Again, there are real people attached to those typewritten names; it may be difficult to remember that when you are dealing with the flat-ness of online communication, I understand. But, if you cannot say what you are about to type to their face, person to person, then you perhaps shouldn't post it on a public wall, yours or theirs. Manners matter and common courtesy is expected and right. Miscommunication happens frequently, especially when trying to convey various vocal tones such as sarcasm. Also, if you know you have some of the younger facebookers in your friends list, be courteous and don't use course language (or block them from that particular post). Do you have your bestie's grandmother as a friend? Let me tell you, she probably doesn't need to know the gritty details of your date last night. And unless you want to start WWIII, I'd keep your political comments neutral unless all your friends, and friends of friends, are of the same political color. Always remember to keep your audience in mind as a common courtesy and a sure-fire way to avoid hurt feelings or damaged reputations.
5. Lighten up.
It's an online social utility - a means to keep in touch with long-distance family or friends that you don't see all that often. It's a place to organize close friends and to kick around ideas. It's a place to be exposed, in a good way, to what people all over the country, even the world, are doing. That is all. It's NOT a replacement for a living, breathing community, nor is it the panacea of social experience. Keep things light and people will enjoy your posts. Pithy sayings, fun videos and inspiring quotes are always welcome in a world where most people are looking to Facebook as a way to relax and catch up with their friends. Yes, it can be a place for reaching out to your fellow man to help, as is everywhere we interact with others, but for the most part it's just a social utility. To make it stretch beyond that is silly. If you have more to say, write a blog.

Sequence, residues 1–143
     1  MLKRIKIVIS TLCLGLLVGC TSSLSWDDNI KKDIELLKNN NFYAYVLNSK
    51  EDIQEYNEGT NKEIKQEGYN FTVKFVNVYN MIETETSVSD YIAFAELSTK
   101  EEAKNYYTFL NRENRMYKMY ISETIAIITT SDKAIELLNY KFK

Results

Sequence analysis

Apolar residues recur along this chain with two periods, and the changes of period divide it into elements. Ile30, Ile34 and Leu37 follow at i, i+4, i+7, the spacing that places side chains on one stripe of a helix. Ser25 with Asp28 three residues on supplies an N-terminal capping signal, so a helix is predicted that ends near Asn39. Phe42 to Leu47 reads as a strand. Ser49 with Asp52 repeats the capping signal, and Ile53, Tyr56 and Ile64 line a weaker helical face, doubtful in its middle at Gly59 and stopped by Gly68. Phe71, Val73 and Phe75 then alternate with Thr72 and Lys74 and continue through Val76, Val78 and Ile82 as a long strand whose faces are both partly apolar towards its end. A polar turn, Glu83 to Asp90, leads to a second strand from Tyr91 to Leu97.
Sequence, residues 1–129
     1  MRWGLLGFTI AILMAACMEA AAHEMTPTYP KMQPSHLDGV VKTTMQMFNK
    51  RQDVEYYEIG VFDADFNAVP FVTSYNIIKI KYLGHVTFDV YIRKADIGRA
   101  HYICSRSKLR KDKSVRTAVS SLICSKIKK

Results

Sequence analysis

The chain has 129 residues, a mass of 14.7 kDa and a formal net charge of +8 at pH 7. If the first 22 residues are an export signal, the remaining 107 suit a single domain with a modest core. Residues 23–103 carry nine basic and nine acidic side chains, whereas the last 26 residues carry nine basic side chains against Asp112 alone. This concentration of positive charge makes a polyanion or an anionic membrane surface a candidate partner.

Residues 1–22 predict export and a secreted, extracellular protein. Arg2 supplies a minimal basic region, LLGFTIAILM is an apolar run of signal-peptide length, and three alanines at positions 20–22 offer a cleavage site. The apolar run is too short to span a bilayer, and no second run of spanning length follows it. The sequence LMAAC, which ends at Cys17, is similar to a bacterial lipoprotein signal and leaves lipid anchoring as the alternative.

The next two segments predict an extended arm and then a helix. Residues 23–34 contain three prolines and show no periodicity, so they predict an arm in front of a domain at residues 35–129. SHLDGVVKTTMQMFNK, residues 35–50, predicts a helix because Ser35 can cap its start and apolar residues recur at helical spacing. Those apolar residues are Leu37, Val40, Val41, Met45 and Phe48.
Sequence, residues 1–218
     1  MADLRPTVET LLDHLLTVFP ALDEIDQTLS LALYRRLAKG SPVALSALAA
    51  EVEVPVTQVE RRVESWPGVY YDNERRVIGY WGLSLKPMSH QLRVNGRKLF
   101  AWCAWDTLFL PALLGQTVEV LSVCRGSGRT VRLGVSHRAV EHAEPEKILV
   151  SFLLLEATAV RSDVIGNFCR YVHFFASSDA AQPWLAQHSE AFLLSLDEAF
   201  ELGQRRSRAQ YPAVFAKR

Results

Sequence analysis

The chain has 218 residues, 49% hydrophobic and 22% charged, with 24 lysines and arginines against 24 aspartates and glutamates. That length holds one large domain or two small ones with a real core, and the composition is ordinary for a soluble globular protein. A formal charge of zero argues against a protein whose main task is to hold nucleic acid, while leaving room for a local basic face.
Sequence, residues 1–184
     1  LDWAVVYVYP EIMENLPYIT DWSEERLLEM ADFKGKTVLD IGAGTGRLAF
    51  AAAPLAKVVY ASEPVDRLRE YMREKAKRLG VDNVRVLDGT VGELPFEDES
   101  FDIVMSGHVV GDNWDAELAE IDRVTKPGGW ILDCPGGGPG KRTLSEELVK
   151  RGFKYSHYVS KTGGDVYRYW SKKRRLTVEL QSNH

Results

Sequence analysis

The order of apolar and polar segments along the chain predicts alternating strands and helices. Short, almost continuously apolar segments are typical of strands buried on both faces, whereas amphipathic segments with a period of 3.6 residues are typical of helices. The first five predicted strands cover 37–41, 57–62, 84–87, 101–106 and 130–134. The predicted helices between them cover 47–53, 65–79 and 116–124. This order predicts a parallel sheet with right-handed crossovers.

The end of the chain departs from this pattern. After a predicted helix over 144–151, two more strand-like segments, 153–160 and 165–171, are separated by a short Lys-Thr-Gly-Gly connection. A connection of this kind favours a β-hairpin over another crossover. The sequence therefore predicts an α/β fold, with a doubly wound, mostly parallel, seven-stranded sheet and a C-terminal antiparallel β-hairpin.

Oh, and one more thing; don't expect too much of your friends on Facebook. Sometimes they won't post on your wall, or like your stuff - it's OK. It's all just for fun, right? You can still be friends with the ones that don't get on often, or the ones that just like to 'lurk' - they are not trying to ignore you, they just don't put a high priority to interacting on Facebook. Give everyone a little space and enjoy your time on Facebook for what it is - friendship and entertainment.
Which brings me to the subject of the term 'friend'. There are many flavors of friendship, and Facebook and other online groups have given the term yet another flavor. Don't get hung up on the term 'friend', it's just a word. You can have close friends on Facebook and you can have acquaintances. You can even have people as 'friends' whom you have never met face to face. It's alright, really. I'm sure Facebook chose that term to make it sound more inviting and friendly (no pun intended). Just because you have the guy who sits in the cube next to you at the office as a friend on Facebook doesn't mean that he is a close friend, or even a friend by your personal definition. Remember, this is just the term Facebook chose - if it makes you feel better, maybe you could call them persons instead of friends. Just a thought.
Now, I know there is a grass-roots movement of sorts, a counter-culture I guess you could call it, of folks that adamantly refuse to be on Facebook, or have tried it, got overwhelmed and deactivated. Some people just don't have time or they would rather talk to people on the phone or face to face - that's all good, too. If Facebook is not for you, it's not for you. But I would like to caution those who are anti-social media; please don't judge those of us that enjoy it. Truly, if you have not spent a good bit of time on it yourself, you have no place to talk or make judgments...or to even offer advice regarding it. Facebook in and of itself is not good or evil, it just is. It is the people inhabiting your friends list that gives it a specific flavor and experience. It is the people that make it what it is, and that is the bottom line...just like every other form of communication.